River levels are falling after record and near-record flooding in parts of the Midwest, but the crisis is far from over.
Downpours that dumped up to a foot of rain in parts of the nation's midsection last weekend led to the sudden surge of water. Flooding is blamed in at least nine deaths, and an 18-month-old Arkansas girl swept away by floodwater is missing and presumed dead. Hundreds of homes and businesses were damaged in Oklahoma, Missouri, Arkansas and Illinois.
A steady rain that began Wednesday continued Thursday. The National Weather Service said the additional water — up to 4 inches of rain in some areas — shouldn't cause rivers to rise higher, but will prolong the flood.
Major flooding is occurring on the Missouri River in eastern Missouri and the Mississippi River in Missouri and Illinois. A Mississippi River bridge at Chester, Illinois, will close at noon Thursday because flood gates on the Missouri side will block the bridge entrance.
City officials in tiny West Alton, Missouri, about 20 miles north of St. Louis, urged residents to get out of town amid concerns the Missouri River levee there could break.
The worst of the damage was along smaller rivers.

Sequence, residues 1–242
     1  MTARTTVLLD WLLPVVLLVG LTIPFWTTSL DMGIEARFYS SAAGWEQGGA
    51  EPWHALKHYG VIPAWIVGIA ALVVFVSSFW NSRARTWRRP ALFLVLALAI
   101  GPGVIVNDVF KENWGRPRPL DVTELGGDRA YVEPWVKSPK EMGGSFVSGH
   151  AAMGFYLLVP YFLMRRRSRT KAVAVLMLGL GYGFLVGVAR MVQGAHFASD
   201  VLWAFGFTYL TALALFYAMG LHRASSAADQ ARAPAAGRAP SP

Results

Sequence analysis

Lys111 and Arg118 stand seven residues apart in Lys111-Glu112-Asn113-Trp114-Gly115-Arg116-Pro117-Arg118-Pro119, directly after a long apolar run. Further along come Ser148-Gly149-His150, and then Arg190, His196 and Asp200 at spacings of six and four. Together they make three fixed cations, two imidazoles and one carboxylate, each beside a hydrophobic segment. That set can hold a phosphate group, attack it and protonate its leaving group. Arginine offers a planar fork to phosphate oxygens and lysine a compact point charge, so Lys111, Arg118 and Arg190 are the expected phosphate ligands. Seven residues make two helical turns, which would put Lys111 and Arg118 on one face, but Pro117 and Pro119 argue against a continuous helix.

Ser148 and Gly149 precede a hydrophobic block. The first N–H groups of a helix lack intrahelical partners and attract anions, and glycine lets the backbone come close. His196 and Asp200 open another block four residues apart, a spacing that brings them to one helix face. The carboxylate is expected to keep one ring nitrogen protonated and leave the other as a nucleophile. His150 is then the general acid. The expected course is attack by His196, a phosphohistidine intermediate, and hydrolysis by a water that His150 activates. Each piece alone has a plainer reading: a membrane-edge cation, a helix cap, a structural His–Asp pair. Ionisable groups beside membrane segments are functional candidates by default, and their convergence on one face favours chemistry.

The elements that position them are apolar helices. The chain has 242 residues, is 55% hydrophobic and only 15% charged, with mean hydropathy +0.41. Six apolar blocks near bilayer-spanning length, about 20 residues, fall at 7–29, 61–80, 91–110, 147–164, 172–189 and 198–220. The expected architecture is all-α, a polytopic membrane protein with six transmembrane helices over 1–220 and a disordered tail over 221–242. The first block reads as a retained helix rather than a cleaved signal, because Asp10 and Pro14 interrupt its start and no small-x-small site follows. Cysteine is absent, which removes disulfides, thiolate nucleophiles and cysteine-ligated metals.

The Black River that runs from southeast Missouri into northeast Arkansas was down after cresting at record levels earlier this week in places such as Poplar Bluff, Missouri, and Pocahontas, Arkansas. But the mess left behind was substantial. A levee breach near Pocahontas on Wednesday prompted several water rescues.
The Meramec River in suburban St. Louis also is on the decline. A levee at Valley Park, Missouri, is holding, as is a sandbag levee consisting of 250,000 bags in nearby Eureka. But the river remains dangerously high, and St. Louis County Police Chief Jon Belmar urged patience for evacuated residents anxious to get back home.
Hundreds of roads across the four states remain closed, including a busy stretch of Interstate 44 in suburban St. Louis.
Traffic is even closed on the Mississippi River. The U.S. Coast Guard late Tuesday closed a 14.5-mile stretch of the river near St. Louis, blocking a vital passageway for moving agricultural goods and other products.